Doctors hope an app can motivate kids to follow their asthma m edication schedules.
Pediatric asthma rates in Illinois are among the highest in the country. According to the Centers for Disease Control and Prevention, asthma rates for children ages 10 to 17 in Illinois were higher than those in 38 other states. And from 2001 through 2009, asthma rates in Illinois rose the most among black children, increasing by nearly 50 percent. That's an unsettling reality that could be helped by one of kids' favorite breaks from reality: video games.
Researchers at Rush University Medical Center, in collaboration with computer scientists, electrical engineers, and communications and media arts specialists at the University of Illinois at Chicago's electronic visualization laboratory,are looking at whether a smartphone app, which includes games that reward the use of daily asthma medication, can help low-income, minority kids better manage their asthma.
"Kids love technology," says Giselle Mosnaim, MD, an allergy and immunology specialist at Rush who is part of a group leading the study. "They spend an enormous amount of time using computers and mobile phones to listen to music and play video games. We believe that taking into account their existing use of technology will be a great way to motivate them to take their medication."
Inhaler medications are fitted with sensors that send signals to the study participants’ smartphones whenever a full dose is used at the correct time. The participants, who are between the ages of 11 and 16, are then rewarded with points in a game (e.g., the participant scores in a basketball game each time a dose is taken correctly), and they earn 50 cents that can be used to purchase music, apps, movies or TV shows.
"We are providing participants with immediate rewards when they take the medication appropriately," Mosnaim says. "We are learning if they're more likely to take their medications by using positive reinforcement and incentives."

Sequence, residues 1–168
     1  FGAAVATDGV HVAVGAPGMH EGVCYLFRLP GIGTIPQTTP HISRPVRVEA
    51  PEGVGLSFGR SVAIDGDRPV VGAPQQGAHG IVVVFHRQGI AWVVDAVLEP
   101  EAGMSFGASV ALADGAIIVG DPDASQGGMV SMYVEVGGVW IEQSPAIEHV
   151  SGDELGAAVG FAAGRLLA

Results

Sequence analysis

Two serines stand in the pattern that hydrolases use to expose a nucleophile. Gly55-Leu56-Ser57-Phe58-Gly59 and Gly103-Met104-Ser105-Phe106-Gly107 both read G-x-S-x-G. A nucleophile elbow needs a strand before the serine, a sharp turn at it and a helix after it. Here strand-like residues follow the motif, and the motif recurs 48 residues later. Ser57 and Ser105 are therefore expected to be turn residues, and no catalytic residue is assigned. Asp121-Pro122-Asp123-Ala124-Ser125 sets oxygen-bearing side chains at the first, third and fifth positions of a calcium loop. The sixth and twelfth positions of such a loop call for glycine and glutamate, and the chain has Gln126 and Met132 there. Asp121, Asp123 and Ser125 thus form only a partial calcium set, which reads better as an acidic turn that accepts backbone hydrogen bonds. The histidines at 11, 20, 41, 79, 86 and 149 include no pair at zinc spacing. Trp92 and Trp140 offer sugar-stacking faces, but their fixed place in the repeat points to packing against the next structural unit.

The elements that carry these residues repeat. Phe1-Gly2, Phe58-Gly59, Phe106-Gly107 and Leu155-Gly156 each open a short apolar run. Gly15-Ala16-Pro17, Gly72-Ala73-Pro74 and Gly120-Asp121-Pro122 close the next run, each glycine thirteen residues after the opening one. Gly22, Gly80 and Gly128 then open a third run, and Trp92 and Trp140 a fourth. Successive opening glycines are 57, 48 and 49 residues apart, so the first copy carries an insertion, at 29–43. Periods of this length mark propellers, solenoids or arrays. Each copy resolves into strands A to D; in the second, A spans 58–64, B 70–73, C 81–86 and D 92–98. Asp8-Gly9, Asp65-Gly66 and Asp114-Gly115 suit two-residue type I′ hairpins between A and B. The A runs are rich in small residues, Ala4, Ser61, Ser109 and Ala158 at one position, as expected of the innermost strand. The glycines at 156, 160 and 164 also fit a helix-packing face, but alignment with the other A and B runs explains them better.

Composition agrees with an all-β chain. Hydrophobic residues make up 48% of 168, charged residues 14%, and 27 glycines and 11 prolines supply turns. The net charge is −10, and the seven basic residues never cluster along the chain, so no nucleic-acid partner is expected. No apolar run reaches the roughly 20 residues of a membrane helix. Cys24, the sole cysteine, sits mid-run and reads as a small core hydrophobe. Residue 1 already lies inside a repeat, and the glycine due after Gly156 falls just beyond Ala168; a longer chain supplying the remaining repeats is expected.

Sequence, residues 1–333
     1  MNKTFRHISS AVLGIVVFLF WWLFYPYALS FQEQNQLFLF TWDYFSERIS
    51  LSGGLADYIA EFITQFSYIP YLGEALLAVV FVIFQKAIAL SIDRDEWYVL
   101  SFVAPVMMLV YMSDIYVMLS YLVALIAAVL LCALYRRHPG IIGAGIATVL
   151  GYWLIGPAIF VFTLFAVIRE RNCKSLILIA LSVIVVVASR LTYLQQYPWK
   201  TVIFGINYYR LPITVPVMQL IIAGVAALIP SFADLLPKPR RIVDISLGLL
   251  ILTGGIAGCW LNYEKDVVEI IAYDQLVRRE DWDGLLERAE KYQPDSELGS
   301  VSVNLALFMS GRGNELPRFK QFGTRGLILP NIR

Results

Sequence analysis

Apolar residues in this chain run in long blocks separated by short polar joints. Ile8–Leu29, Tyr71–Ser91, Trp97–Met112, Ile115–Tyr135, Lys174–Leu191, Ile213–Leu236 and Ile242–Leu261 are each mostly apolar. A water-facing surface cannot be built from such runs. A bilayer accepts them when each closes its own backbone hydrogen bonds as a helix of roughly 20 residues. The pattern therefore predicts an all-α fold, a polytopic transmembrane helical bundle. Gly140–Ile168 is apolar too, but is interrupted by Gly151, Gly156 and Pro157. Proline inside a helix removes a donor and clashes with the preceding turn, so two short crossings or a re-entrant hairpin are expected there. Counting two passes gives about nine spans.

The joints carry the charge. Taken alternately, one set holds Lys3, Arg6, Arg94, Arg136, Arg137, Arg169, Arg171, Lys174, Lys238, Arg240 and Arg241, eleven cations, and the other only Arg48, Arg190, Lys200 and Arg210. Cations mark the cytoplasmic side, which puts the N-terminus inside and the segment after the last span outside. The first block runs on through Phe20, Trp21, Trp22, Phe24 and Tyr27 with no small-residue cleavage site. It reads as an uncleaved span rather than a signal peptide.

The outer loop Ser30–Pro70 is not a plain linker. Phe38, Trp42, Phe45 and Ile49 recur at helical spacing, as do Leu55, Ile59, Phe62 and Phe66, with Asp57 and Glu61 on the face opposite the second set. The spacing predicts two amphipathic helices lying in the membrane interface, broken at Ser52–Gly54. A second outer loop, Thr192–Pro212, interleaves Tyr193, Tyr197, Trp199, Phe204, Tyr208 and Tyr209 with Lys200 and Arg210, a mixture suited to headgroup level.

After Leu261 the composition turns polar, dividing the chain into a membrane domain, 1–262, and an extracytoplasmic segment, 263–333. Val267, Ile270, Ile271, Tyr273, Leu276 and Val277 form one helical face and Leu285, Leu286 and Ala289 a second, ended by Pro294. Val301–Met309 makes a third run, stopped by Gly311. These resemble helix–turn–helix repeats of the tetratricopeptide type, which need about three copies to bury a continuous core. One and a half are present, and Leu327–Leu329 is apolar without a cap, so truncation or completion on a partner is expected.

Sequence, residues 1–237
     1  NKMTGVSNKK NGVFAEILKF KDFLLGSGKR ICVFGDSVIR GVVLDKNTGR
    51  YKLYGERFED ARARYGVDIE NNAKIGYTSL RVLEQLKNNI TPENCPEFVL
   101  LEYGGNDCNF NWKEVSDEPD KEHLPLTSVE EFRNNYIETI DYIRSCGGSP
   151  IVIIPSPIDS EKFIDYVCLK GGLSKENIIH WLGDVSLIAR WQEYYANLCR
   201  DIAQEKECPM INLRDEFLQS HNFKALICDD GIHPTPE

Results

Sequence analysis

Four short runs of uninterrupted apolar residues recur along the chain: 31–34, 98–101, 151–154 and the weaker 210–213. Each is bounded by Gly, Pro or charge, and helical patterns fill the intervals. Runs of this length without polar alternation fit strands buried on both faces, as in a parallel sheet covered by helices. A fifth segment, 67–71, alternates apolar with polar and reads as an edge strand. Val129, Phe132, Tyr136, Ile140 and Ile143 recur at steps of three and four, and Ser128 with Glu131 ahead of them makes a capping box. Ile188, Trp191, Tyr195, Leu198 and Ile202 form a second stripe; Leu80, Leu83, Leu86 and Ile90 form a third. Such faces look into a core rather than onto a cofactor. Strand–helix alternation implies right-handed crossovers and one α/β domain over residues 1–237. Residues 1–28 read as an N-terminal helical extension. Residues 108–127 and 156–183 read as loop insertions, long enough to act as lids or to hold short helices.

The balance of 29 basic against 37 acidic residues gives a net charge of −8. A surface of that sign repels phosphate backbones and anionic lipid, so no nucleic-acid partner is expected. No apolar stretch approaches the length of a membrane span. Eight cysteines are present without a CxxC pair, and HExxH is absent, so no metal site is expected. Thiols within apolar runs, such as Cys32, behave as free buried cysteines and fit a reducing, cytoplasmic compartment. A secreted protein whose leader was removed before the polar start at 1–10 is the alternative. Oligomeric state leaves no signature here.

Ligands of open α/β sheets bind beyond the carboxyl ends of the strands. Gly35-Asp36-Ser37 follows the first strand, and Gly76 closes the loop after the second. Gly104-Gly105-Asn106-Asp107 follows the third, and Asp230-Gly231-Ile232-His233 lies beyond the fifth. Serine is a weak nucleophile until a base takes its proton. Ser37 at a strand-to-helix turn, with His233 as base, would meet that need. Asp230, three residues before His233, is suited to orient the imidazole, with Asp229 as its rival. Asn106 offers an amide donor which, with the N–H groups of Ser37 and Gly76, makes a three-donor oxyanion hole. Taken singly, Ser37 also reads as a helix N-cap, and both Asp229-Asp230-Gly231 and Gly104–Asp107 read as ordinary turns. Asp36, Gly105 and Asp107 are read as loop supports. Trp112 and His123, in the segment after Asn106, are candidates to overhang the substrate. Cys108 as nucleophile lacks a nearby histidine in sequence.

Importance of Adherence
Some asthma patients need to use asthma controller medications daily to prevent asthma symptoms and attacks. Without the medication, inflammation in the airways can cause serious breathing problems, leading to missed school days or visits to the emergency room. That's why it’s important for parents to find ways to ensure that their children adhere to the medication schedule prescribed by doctors.
"Adolescents prefer instant gratification and often engage in risk-taking behavior," Mosnaim says. "As a result, they are more inclined to not take their daily medications and take the risk that they may end up in the emergency room. Adherence to daily asthma controller medications is key to asthma management and preventing asthma symptoms."
The sensor also gives researchers the location, time and date of participants' medication use. That can help them determine if air pollution, pollen levels or activity level are having an effect on breathing.
"We want to know where they are when they use their medicines so we can see if they took it because asthma symptoms were induced by exercise, such as being on a basketball court, or if poor air quality or high pollen counts could be a factor," Mosnaim says.
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Please note: All physicians featured in Discover Rush Online are on the medical faculty of Rush University Medical Center. Some of the physicians featured are in private practice and, as independent practitioners, are not agents or employees of Rush University Medical Center.
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